When you live in wine country, there is no shortage of opinions on what wine to serve with the Thanksgiving bird. But I knew exactly who I wanted to turn to for advice: my friend and long-time colleague, encourager, and person you look forward to hanging out with at conferences, Jill Hough.
I remember standing in line with Jill at the airport four years ago talking about the projects we had brewing. When she told me about the book she had in the works, 100 Perfect Pairings: Small Plates to Enjoy with Wines You Love, she said, “I just want people to be able to enjoy wine, not be intimidated by it.” I love that about her.
Here, Jill gives us down-to-earth, unintimidating advice on what to serve with the bird (and the sweet potatoes, and the green beans, and …).
LH: OK, let’s start with the biggie … white or red?
JH: It depends. (LH – Oh good, I was hoping you’d say that!). The main flavors in any dish are always more important than the main ingredient, and you want to pair for the main flavor. The other reason it depends is because turkey is one of those foods that is heavy for a white meat. It could really go with a heavy white or a light red.
The trickiest thing about Thanksgiving dinner is that there are often sweet things on the table, and sweet foods will always make a wine taste more sour. So if you tend towards the sweet—candied yams, sweet cranberry relish and such—you may want to go with a Gewürztraminer, which is heavy enough for the richness of the meal, but able to deal with the sweetness. If you lean more towards savory, then you could go two ways. One way is with a light red, like a Pinot Noir or a Beaujolais (but not Nouveau). Or you could go Chardonnay, which is a “big” white in itself.
LH: You know how people tend to skip meals before Thanksgiving dinner, and then absolutely gorge? Any suggestions on preventing that?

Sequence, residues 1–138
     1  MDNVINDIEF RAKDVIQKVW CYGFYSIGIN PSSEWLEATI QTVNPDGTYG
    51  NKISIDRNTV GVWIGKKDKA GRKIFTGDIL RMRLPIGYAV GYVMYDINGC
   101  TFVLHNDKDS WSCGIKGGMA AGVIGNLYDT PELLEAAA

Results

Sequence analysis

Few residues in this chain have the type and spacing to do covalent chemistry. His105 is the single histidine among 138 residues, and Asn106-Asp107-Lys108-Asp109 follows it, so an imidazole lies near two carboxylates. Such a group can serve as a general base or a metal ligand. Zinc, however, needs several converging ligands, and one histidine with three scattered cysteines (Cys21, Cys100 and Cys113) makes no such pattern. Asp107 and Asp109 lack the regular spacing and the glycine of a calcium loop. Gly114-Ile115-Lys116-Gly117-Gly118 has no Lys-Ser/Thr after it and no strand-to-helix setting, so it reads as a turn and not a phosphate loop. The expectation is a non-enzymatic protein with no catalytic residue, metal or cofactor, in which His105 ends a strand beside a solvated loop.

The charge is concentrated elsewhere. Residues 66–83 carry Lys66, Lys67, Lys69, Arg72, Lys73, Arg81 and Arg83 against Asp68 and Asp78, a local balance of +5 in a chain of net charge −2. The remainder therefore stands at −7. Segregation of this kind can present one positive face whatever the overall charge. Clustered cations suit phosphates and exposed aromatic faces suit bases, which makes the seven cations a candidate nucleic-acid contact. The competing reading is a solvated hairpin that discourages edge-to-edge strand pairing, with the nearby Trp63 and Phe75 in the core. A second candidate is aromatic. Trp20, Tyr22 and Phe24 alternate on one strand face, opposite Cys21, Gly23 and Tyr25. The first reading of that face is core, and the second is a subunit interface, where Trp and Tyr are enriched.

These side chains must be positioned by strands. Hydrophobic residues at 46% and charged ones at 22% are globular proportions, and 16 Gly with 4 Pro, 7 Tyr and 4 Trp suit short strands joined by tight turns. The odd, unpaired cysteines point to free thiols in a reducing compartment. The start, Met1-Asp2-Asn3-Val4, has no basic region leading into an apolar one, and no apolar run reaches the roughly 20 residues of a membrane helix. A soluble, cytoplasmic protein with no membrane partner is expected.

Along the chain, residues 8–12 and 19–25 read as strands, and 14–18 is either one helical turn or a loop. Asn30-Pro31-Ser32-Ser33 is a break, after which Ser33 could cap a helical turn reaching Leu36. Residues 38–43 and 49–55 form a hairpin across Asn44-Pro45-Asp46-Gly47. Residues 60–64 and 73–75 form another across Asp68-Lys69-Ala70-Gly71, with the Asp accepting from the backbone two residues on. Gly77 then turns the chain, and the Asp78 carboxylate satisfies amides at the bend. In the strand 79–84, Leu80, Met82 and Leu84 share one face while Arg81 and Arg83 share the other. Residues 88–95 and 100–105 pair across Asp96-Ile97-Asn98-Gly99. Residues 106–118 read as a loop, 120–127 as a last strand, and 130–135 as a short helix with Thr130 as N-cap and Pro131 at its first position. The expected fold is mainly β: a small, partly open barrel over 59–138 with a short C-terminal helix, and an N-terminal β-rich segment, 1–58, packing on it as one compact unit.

JH: (laughs) I’d suggest some simple nibbles beforehand. Nuts are great, as are spreads and toasts. Cheese can run the gamut from light to heavy. I like to set out a couple of light cheeses, nuts, dried fruit and, bam, you’re done. It’s OK to put out a little bit, and then when it’s gone be done with it. It doesn’t make you a bad hostess if you don’t have food out constantly.
LH: How much wine should you plan on pouring?
JH: I would say plan at least a half bottle per person and if it’s an all day affair, another ¼ bottle per person.
LH: That can add up when you’ve got 12, 14, 18 people around your dining room table. Any tips on not busting the budget?
JH: I’d suggest asking people to bring a bottle. We often feel like we want to have complete control over the “Thanksgiving experience,” but if you let people bring things then they have a stake and feel more involved. Brining a bottle of wine is a great way to have people contribute.
Here’s my question for y’all: What are YOU drinking this Thanksgiving?
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